In the midst of suburban development, Great Pond’s 297 acres of open space are a welcome relief. Here nearly five miles of trails help you explore the relatively flat, quiet woodlands and provide access to Great Pond itself which, at 36 1/4 acres, is Simsbury’s largest open water body. And it isn’t by accident it is preserved today.
Part of the legacy of Connecticut pioneer forester James L. Goodwin is that he recognized the need to preserve forest spaces long before others. The James L. Goodwin State Forest is dedicated to his work in eastern Connecticut, but his legacy spreads statewide, and Great Pond is a part of that. Here Goodwin began a commercial nursery in 1932. On 35 acres he developed a varied-age white pine plantation, the vestiges of which can still be seen in the pine grove south of the pond. It was his land, willed to the state after his death, which became the nucleus of today’s state forest.
Bird watching has been popular here as the pond increasingly attracts resident and migratory populations of birds and waterfowl. Spring and fall are particularly popular. A network of trails probes the 297 acres. The most popular is the pond loop trail which, at 1.25 miles, is a generally flat and easy to negotiate pathway.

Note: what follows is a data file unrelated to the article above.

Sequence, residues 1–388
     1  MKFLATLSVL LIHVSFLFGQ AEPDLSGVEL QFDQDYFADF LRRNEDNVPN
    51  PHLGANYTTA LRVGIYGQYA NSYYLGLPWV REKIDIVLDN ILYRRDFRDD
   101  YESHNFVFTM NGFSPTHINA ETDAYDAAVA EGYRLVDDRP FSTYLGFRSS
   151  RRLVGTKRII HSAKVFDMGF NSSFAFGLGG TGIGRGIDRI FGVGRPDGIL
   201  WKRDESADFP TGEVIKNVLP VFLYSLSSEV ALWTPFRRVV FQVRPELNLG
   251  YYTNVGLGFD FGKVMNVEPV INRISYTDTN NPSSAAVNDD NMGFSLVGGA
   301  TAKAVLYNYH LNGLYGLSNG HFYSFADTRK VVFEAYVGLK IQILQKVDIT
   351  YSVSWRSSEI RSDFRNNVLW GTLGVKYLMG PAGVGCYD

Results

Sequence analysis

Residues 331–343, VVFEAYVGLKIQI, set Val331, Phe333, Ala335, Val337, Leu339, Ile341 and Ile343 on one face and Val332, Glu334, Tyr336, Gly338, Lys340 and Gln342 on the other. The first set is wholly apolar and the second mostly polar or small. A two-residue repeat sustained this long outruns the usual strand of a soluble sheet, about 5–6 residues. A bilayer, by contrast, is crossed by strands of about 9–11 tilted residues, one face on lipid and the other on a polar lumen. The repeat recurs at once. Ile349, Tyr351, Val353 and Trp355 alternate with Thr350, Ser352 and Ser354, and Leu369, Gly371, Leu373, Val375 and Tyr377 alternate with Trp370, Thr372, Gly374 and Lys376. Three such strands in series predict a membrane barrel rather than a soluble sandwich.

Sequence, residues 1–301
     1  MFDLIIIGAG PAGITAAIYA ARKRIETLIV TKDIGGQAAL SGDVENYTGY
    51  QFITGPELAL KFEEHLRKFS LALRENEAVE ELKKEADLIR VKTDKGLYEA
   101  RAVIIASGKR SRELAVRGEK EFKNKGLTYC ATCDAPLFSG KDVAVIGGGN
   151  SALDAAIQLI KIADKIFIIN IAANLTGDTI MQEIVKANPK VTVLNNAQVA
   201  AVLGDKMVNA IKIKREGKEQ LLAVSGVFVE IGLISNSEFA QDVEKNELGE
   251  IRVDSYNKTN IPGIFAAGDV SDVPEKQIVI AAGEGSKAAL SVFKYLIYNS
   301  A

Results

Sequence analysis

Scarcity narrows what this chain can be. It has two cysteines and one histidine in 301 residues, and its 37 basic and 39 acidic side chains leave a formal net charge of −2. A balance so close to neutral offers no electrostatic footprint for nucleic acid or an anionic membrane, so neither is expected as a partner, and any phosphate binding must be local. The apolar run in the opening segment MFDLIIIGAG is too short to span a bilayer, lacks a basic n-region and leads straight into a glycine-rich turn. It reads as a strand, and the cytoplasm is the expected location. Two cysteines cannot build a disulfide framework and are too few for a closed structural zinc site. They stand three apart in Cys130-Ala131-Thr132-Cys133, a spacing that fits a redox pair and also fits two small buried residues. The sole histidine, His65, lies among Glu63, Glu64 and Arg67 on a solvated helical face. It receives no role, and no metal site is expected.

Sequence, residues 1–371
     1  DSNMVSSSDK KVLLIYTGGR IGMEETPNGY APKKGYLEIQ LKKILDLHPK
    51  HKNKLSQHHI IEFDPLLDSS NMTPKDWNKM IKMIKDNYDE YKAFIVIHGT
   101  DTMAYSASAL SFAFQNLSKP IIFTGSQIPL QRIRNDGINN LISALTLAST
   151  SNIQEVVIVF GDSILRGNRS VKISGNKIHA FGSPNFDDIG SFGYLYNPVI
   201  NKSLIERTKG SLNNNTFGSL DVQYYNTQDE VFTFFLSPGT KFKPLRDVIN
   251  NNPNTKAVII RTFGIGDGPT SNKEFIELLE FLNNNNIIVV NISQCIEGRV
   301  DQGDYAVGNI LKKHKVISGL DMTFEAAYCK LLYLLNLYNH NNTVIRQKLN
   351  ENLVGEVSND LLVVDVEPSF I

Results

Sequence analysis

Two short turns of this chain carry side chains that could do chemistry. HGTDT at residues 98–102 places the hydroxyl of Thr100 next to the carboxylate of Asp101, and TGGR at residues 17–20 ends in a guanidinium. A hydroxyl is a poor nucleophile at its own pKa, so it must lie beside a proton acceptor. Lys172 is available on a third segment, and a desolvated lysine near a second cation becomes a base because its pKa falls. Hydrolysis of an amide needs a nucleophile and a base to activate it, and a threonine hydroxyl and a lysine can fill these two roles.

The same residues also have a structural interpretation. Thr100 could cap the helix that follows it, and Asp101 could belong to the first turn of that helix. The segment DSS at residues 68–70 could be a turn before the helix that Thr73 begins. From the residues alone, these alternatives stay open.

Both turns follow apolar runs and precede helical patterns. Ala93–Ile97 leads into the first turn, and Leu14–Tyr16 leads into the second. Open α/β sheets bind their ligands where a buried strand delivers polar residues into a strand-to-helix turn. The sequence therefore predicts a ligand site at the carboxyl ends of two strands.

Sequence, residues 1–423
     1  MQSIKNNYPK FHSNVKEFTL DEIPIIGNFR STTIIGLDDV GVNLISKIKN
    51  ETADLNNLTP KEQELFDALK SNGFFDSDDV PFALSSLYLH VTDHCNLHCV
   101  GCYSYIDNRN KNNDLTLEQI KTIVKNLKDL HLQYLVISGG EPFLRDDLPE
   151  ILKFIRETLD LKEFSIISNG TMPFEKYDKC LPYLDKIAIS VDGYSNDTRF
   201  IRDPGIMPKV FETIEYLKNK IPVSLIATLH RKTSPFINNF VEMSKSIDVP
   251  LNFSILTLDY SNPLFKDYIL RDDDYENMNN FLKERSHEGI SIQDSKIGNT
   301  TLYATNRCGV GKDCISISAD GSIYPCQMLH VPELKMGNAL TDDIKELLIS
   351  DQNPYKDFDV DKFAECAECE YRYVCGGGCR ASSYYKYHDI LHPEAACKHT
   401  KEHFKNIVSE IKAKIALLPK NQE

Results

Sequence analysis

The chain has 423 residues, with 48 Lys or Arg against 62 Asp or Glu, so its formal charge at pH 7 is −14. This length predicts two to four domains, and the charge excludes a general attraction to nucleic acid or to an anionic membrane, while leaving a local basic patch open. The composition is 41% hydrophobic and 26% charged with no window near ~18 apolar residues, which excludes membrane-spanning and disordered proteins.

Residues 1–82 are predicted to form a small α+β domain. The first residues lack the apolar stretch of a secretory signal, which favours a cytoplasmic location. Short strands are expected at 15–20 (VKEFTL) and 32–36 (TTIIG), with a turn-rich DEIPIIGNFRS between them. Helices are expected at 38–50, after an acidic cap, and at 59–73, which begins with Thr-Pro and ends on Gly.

The 73 acre Massacoe block has a history unto itself. This section, about 1.25 miles SW of the Stratton Brook State Park’s beach area, abuts and is most easily accessed by Stratton Brook’s popular bike and walking rail trail. Here Goodwin set out to prove that land repeatedly burned by sparks and ash fly from the passing railroads could be productively renovated with proper forestry practices. This experimental area is now forested with diverse deciduous trees including red oak, black oak, scarlet oak, white oak, red maple, sugar maple, birch, hickory and yellow poplar. Though seemingly a small block, these 73 acres abut 319 acres of Simsbury open space, most noticeably Onion Mountain Park, which adjoins immediately to the west.